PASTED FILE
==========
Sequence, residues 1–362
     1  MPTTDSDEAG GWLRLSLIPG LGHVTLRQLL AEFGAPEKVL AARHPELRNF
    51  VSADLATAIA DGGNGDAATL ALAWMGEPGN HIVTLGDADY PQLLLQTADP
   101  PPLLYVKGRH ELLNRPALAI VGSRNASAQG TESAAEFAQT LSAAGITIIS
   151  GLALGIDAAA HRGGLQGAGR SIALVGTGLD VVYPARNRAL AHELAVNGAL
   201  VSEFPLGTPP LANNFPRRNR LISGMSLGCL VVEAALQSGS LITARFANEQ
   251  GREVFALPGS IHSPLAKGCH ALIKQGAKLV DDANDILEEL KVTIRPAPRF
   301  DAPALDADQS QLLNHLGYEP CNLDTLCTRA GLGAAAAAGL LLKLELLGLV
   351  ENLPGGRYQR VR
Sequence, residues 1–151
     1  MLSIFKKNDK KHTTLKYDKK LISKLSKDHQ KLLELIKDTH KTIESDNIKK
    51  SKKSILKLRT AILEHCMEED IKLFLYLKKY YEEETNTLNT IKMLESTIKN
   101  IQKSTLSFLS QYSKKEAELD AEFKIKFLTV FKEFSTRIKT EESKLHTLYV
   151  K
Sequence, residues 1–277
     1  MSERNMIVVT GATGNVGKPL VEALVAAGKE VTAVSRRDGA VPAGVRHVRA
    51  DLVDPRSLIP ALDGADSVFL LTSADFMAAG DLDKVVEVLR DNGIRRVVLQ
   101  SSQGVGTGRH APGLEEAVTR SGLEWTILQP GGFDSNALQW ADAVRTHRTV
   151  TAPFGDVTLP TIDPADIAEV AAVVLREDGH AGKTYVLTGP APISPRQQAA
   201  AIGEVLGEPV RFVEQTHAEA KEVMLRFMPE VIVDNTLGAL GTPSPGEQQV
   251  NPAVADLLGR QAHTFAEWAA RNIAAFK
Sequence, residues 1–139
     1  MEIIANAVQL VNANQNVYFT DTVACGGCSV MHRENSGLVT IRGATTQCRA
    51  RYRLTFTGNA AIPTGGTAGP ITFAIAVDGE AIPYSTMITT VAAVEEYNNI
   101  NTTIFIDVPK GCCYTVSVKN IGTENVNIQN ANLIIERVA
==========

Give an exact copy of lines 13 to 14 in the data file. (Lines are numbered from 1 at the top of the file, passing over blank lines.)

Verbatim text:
   101  IQKSTLSFLS QYSKKEAELD AEFKIKFLTV FKEFSTRIKT EESKLHTLYV
   151  K